• Add any outstanding amounts you owe on TVs, couches, vacations, etc etc.

This is how much CASH you owe somebody else. Unlike the assets you own, this number doesn’t change. In fact, because of compound interest, this number actually grows(!!) as time progresses.

Now typically your Current Net Worth = Assets – Debts. Lets take a moment and breathe here. Hopefully what you see is a positive number. If not, we need to have a conversation, because everything you do in life must be supported by your net worth. Otherwise you simply don’t have enough tokens to level up. Sorry Mario.

This is where your conventional blog post/news article about net worth would end. But the trouble is that it just isn’t so simple. Because while your net worth fluctuates daily with the price of your assets, your net worth also fluctuates with the decisions you make.

Huh? Hows that? Well let me tell you. In this case, I will assume that most of my readers are in the United States. In the United States we have a progressive tax system. This means that each consecutive chunk of income is taxed at a higher rate. The logic here is that people who make less will pay less in taxes because well the first bit of your income (ideally) goes towards food and shelter. And we want everyone to be full and living in a dry place right? Here are the tax brackets of this system in 2017:

Marginal RateAnnual Income

10%

$0 to $9,325

15%

$9,325 to $37,950

25%

$37,950 to $91,900

28%

$91,900 to $191,650

33%

$191,650 to $416,700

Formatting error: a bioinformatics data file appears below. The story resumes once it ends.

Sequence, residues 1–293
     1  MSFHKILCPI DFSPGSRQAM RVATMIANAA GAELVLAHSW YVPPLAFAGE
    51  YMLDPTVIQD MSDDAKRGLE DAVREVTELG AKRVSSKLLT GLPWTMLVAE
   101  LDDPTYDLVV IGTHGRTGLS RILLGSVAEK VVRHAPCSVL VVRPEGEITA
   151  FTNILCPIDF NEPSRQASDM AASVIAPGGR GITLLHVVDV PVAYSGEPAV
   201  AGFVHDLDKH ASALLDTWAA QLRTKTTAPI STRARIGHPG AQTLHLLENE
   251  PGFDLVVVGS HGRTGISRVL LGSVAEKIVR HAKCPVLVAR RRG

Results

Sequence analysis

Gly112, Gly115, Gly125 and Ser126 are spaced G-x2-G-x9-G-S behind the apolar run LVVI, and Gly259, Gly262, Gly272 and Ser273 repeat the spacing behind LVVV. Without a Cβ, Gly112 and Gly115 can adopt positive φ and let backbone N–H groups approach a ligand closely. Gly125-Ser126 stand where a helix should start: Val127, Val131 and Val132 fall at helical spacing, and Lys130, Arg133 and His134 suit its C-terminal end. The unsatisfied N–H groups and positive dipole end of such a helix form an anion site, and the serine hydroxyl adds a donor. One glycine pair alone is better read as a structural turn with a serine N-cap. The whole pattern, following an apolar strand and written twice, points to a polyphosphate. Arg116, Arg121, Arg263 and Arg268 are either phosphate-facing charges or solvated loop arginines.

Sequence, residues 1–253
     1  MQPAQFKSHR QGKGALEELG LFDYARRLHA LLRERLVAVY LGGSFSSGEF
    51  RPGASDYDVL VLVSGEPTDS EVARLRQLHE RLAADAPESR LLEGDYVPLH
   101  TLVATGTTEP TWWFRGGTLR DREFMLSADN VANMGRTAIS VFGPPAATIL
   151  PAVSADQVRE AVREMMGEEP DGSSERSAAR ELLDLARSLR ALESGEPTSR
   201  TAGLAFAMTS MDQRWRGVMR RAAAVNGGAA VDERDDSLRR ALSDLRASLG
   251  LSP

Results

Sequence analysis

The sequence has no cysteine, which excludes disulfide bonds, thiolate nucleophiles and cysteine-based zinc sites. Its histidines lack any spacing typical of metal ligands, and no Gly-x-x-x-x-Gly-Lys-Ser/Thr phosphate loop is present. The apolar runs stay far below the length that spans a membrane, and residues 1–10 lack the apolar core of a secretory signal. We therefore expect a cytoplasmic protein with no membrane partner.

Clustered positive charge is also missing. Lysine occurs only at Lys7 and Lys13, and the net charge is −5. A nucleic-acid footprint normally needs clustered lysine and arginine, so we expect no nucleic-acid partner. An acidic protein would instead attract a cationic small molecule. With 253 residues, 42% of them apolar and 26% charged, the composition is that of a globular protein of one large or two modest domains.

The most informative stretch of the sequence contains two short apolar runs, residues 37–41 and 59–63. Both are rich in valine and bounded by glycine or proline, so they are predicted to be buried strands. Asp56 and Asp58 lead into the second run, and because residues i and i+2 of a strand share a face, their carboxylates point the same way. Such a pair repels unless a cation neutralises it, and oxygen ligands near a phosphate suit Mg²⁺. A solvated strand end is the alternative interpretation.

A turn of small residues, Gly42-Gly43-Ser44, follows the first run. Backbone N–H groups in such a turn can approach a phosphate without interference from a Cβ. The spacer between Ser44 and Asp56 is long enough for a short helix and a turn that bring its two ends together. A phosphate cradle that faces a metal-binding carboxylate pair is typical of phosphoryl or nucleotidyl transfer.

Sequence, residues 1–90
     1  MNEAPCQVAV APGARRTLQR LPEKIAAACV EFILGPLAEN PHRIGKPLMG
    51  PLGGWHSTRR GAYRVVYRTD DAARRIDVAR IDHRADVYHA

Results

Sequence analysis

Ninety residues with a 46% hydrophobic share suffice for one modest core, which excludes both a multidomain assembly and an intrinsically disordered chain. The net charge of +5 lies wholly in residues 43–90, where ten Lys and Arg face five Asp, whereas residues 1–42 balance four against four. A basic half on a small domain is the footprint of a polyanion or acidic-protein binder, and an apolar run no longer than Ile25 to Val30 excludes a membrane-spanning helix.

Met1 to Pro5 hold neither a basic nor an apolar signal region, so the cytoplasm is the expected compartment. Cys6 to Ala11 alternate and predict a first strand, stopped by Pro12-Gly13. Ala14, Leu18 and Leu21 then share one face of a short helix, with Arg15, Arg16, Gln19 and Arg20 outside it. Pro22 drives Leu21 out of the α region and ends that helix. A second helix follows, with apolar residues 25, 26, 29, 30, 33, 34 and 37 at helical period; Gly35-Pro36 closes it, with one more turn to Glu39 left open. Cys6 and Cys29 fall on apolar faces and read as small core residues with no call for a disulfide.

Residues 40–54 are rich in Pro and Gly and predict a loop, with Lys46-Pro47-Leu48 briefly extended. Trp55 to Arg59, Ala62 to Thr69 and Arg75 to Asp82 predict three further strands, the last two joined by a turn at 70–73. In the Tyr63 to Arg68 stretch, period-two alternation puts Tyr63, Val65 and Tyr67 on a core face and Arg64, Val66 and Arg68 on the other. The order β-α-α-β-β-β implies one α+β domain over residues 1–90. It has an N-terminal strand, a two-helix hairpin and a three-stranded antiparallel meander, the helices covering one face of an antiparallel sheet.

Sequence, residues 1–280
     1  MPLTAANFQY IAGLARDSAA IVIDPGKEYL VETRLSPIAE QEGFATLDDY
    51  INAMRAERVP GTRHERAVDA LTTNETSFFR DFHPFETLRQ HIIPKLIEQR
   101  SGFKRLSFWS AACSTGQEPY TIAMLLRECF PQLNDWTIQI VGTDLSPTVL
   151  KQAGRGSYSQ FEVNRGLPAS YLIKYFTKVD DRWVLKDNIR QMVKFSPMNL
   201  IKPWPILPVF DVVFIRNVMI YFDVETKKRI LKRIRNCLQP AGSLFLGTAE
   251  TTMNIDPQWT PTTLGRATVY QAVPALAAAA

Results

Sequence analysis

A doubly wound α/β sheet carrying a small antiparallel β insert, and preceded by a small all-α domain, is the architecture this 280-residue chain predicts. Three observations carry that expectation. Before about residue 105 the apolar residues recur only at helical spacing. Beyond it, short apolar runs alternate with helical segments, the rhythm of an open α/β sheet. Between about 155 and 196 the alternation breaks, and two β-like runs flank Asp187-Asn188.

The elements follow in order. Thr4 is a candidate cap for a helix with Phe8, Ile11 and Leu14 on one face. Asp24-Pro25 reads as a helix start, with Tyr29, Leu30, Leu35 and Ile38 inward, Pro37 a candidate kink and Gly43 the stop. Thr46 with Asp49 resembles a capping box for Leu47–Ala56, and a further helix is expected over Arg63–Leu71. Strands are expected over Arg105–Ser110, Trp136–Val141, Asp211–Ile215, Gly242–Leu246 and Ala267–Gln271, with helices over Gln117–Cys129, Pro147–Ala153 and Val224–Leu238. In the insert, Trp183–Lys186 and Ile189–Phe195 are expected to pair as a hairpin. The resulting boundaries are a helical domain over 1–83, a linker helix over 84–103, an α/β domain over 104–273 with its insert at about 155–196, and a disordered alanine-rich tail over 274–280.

35%

$416,700 to $418,400

39.60%

$418,400+

Now lets suppose that you have the following numbers that you found to calculate your net worth:

  • Savings – $15,000
  • Retirement (tax deferred) – $50,000
  • Home Mortgage – $50,000

Your salary is $30,000 per year and you are 40 years old. What is your net worth? If you said $15,000, you would be wrong. But how can that be? Well its because your calculation, and the calculation proposed in most advice posts, looks something like this 15,000 + 50000 – 50000 = $15,000. But you see my dear reader, it just ain’t that simple. Withdrawal from retirement accounts in the good ol’ US of A are subject to a 10% penalty if you are less than 59 and 1/2 years old. Withdrawals are also subject to tax because they are typically tax deferred and appear as income with regard to your taxes. So here is how much you could actually get out of your retirement account today in several steps:

  • After the withdrawal penalty: $45,000
  • Subject to 15% tax – 7,950*.85 = $6757.50
  • Subject to 25% tax – = (40,000-7,950)*.75 = $27,787.50
  • Net withdrawal = $34,545

Now using this number lets recalculate our real net worth today: 15,000 + 34,545 – 50,000 = -$455!!!!

So you see you do not have a positive net worth at all if you want to pay off the mortgage today. Let’s repeat this scenario in the case where we pay off the mortgage in yearly installments of $7,950, so in this case over 6.3 years.

  • After the withdrawal penalty: $45,000
  • Subject to 15% tax – 7,950*.85 = $6757.50
  • Net withdrawal = $6757.50*6.3 = $42,500

In this case our net worth is 15,000+ 42,500 – 50,000 = $7,500. So simply by taking a tax optimized approach to withdrawals you came out with a positive net worth. Even so, its still half of the net worth calculated by the simplistic approach.

Of course there are an infinite number of such possibilities. The key here is to keep in mind what you want to do with your money. If you want to use it today then your net worth is very different than if you want to use it over a long horizon of time. It’s important to know not only your current net worth but also the effect of your actions on your net worth.